When it comes to DIY landscaping projects, there’s no shortage of product options (& opinions). We receive a lot of questions from customers who are excited about a new lawn or garden project at their home, but are still a little unsure about which material would work best. Below, we’ve outlined the most popular soil types, their strengths, and some tips for best results.
While it is one of our most popular products, defining topsoil can sometimes be confusing, and not all topsoil is created equal. Additionally, many people confuse “topsoil” with “gardening soil”. Let’s start by breaking down the difference between natural topsoil and bulk screened topsoil that most nurseries and landscape supply yards offer.
- Natural Topsoil: the upper, outermost layer of soil, usually the top 5–10 inches (13–25 cm). It has the highest concentration of organic matter and micro organisms and is where most of the Earth’s biological soil activity occurs. Topsoil is composed of mineral particles, organic matter, water, and air. Natural topsoil is found in undisturbed places such as the forest floor or protected prairie land.
- Screened topsoil: Screened topsoil is what’s commonly found in bulk at landscape supply yards and nurseries. It is a mix of imported soils usually brought in by excavation and landscape contractors. The imported soils are sifted and screened to remove sticks, rocks, and other debris. A majority of bulk topsoil is a mix of soil from many sources where origins can’t be verified and it can’t be described as organic.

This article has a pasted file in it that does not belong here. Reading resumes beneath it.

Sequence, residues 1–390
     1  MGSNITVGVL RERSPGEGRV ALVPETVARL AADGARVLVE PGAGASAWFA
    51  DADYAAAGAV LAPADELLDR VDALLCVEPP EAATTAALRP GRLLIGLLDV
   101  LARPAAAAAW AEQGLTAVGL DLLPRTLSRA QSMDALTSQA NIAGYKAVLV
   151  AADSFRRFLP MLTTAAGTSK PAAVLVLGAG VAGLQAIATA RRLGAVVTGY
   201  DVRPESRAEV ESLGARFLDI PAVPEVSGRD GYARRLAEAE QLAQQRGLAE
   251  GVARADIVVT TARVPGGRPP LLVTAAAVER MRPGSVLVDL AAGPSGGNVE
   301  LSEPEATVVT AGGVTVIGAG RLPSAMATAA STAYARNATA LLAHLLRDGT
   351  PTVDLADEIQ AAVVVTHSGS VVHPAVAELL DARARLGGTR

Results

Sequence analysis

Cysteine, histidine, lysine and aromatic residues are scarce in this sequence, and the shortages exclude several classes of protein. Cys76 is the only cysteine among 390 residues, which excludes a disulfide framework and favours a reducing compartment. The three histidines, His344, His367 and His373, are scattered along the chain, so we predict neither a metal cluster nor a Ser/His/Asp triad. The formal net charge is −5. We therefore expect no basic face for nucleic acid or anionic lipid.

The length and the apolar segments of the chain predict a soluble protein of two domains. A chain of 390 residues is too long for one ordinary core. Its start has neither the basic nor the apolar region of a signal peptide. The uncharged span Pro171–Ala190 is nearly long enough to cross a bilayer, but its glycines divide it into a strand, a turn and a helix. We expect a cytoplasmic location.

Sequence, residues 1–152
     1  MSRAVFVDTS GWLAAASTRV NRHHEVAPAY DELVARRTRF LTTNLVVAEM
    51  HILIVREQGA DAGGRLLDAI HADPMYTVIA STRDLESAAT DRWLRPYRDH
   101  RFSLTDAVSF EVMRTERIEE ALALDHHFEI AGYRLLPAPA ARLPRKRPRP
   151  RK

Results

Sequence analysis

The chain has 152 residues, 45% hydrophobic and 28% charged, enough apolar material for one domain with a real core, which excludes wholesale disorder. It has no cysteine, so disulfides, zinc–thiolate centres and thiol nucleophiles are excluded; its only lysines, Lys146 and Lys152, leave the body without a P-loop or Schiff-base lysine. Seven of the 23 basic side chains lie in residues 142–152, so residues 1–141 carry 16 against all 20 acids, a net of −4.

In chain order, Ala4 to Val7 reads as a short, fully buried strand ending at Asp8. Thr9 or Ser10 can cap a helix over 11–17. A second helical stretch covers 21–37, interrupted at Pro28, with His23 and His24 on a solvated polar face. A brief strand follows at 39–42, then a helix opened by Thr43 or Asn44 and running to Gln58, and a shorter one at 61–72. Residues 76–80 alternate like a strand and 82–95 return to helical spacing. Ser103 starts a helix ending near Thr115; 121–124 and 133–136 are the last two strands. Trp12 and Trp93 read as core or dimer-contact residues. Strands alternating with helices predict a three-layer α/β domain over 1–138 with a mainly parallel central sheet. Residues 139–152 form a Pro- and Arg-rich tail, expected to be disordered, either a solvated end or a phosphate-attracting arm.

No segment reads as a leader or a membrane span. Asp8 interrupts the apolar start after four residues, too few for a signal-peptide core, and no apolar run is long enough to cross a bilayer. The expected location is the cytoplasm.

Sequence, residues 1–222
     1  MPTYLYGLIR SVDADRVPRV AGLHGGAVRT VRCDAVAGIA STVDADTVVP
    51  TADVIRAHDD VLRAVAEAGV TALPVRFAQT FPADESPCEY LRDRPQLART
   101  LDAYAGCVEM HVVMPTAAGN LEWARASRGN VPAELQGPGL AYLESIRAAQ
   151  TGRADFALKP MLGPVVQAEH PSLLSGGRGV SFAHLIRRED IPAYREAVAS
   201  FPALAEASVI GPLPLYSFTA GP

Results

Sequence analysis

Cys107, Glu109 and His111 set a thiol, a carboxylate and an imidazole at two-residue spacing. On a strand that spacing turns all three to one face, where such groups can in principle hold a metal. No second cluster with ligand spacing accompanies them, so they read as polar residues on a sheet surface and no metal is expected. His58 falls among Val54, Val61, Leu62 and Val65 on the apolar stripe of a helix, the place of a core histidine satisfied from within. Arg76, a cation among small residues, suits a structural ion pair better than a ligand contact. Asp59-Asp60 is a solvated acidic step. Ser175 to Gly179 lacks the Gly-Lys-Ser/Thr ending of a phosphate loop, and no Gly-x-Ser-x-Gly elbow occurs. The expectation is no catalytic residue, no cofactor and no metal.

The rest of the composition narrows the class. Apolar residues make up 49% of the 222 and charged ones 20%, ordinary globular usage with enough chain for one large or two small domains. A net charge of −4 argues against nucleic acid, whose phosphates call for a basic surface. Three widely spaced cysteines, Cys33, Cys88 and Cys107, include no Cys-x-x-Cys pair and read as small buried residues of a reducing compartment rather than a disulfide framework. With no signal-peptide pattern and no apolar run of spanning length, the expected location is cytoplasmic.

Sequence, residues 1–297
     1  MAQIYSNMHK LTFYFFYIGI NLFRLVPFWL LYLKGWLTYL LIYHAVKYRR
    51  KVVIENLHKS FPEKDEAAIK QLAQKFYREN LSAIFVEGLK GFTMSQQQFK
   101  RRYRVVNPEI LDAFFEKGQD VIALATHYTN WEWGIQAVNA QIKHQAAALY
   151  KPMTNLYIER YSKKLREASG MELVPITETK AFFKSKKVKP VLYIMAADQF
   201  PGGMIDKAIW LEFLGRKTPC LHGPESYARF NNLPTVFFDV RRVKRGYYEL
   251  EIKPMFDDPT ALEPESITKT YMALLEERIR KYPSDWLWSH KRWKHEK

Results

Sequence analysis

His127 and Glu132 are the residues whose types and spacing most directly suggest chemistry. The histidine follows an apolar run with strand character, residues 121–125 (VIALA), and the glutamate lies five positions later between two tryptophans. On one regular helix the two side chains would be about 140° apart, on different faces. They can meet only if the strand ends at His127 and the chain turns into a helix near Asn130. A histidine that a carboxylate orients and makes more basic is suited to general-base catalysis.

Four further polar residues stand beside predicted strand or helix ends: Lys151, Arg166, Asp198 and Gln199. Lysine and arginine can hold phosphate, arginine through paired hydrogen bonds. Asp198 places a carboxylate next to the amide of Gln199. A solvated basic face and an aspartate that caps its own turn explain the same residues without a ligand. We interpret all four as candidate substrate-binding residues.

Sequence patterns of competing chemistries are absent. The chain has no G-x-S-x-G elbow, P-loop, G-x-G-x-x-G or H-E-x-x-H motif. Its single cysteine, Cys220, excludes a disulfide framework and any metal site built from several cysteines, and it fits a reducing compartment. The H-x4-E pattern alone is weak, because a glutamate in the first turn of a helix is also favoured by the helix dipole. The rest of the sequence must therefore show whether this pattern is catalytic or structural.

Best Uses: Screened topsoil is best used to prepare new lawn areas for seed or sod and great for filling in low spots and leveling an existing lawn. Screened topsoil is often mixed with compost and other decomposed organic material when used in the garden (see “Garden Soil” below).
It is worth noting that (used by itself) “screened topsoil” is likely to compact easily and there are better choices when being used in a garden setting.
Compost is a mixture of decayed organic matter. It is used to amend soils and add nutrients, biological activity, and tillage. However, for all of these virtues, one would not want to plant a garden directly into compost material. Alone, it is too strong and is likely to burn your plants. A standard mix is two parts existing garden soil to one part compost.
Compost can also be spread very lightly over existing lawn turf to act as a natural fertilizer. Rake compost over grass no more than one half inch deep. The nutrients will slowly work their way into the soil creating a healthy lawn.
Garden Mix Soil
Garden soil is a blended soil that has been formulated for gardening and raised beds. The specific makeup of bulk garden soil blends varies but generally they are a mix of decomposed organic material, compost, screened soil and sand. These materials are lighter than typical soil, have higher nutrient density, and offer much better drainage.
Available from Little Dumps:
Garden & Flowerbed Mix, Organic Garden & Flowerbed Mix (Dirty Little Secret)
We hope you will reference this guide when it comes time to order your own lawn & garden materials, and please contact us if you have any additional questions!